Identified as a highly gifted child, Susan was totally into science. She loved learning about insects, snakes, lizards, shells, rocks and dinosaurs — you name it.

susan:Carrie in tree

Susan (front) about that time

Reading the available programs, I saw a cooking class for girls and a science class for boys. I recognize that cooking is a science, but it wasn’t Susan’s thing and I knew it. I was  upset. Would I accept that? Of course not!

angrywoman

Would I accept that?

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I threatened to march outside their doors

I visited the center, had a discussion with the program director and threatened that if they didn’t allow my daughter into the science class, I’d march outside their doors with signs complaining about their old-fashioned thinking. Yes, I WAS really angry.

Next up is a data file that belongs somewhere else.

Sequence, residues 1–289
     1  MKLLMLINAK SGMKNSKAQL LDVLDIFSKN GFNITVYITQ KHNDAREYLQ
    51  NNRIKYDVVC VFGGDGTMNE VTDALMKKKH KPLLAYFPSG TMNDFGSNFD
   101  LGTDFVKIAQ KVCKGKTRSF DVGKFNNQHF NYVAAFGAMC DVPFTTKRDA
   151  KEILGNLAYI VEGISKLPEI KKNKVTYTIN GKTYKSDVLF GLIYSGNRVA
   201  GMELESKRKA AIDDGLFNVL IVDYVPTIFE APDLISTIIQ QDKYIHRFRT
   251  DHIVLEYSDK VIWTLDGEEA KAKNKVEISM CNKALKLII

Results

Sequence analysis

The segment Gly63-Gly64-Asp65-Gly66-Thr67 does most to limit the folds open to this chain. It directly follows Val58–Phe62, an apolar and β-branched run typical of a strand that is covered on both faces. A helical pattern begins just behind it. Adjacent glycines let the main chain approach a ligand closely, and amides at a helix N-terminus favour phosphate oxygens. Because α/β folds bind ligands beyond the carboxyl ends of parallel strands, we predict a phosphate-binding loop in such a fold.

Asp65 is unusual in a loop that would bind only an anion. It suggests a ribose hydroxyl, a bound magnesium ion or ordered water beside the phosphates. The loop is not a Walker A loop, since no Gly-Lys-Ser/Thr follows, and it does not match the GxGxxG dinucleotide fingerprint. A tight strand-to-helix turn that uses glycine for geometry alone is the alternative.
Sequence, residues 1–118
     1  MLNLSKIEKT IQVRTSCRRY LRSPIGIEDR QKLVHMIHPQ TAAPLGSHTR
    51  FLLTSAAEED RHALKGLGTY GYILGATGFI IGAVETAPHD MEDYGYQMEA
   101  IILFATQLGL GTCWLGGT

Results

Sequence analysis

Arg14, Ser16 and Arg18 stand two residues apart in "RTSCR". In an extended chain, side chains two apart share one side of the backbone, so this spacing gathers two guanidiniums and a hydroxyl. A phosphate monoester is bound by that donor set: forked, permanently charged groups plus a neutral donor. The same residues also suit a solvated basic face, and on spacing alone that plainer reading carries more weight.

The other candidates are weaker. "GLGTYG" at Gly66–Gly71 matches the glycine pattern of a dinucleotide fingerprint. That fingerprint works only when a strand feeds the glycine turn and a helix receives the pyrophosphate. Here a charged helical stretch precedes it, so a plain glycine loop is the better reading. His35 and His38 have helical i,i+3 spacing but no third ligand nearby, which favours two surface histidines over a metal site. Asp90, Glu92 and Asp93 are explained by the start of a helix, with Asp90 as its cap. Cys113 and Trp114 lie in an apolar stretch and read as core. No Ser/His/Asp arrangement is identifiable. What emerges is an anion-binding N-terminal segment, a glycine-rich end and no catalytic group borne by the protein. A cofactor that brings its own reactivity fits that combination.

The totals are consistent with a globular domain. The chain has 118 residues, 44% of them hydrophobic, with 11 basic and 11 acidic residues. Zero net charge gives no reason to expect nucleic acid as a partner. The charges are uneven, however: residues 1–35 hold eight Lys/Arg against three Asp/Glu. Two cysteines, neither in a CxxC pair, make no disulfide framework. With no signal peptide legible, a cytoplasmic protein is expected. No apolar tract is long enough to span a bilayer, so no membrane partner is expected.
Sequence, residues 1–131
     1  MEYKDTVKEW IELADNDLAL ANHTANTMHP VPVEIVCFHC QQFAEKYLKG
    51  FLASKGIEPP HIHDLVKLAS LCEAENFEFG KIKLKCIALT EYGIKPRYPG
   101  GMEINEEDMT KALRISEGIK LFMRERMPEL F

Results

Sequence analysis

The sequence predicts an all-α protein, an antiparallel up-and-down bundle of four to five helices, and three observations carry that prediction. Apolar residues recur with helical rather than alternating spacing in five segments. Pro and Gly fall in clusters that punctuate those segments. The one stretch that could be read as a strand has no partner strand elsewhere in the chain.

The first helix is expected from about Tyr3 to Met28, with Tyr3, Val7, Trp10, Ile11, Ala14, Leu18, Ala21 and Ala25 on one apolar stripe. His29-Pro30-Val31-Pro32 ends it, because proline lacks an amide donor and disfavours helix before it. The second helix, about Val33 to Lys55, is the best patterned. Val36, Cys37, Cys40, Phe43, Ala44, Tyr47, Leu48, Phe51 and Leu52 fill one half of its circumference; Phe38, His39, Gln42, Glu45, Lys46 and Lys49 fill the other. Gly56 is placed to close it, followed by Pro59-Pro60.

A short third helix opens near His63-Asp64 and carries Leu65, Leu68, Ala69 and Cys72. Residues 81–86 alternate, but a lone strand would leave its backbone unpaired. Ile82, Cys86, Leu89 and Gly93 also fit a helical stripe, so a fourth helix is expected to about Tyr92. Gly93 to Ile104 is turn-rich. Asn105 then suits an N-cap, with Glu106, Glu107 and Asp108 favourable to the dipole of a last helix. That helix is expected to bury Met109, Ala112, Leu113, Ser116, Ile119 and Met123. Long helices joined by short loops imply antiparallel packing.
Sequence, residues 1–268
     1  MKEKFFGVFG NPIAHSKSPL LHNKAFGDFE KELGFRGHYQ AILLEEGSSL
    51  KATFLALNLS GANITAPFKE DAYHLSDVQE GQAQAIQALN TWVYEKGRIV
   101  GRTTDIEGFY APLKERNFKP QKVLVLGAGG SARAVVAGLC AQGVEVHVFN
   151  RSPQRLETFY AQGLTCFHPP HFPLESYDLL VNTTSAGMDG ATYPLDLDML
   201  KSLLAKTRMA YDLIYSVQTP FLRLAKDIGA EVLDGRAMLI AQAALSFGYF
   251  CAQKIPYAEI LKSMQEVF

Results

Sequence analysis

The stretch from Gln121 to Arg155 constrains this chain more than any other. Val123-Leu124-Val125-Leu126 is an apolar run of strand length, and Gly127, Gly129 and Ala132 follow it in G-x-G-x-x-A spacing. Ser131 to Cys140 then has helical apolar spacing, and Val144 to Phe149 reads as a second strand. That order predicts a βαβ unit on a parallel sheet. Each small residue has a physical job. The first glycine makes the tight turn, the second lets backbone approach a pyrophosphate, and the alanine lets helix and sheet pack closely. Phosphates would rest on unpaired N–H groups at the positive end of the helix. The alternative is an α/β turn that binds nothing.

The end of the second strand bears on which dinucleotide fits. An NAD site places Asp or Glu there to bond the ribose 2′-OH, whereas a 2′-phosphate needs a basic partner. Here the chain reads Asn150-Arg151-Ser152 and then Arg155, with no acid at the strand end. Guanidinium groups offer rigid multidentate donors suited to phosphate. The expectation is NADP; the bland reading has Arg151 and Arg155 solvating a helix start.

The female program director caved. Susan was allowed into the class, however, I hadn’t foreseen what followed. When she turned up for the class, the surprised boys loudly complained. “Yuck! A girl!’ ‘You’re not allowed in this class.’ ‘You don’t belong here!’

bully

You don’t belong here!

The poor kid. I’d placed Susan in a position where she was not welcome. The boys bullied. They pulled her hair. They saw her as an intruder. I didn’t argue when Susan very soon didn’t want to go anymore.

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They pulled her hair.

I also still wonder what that terrible experience did to her. Would she have followed a different career path if it hadn’t occurred? What did I accomplish after all?

What I do know I accomplished was I did convince the community center to change their policy. I told them they were unfair and outdated. They changed their future description of classes for children and no longer classified them according to sex.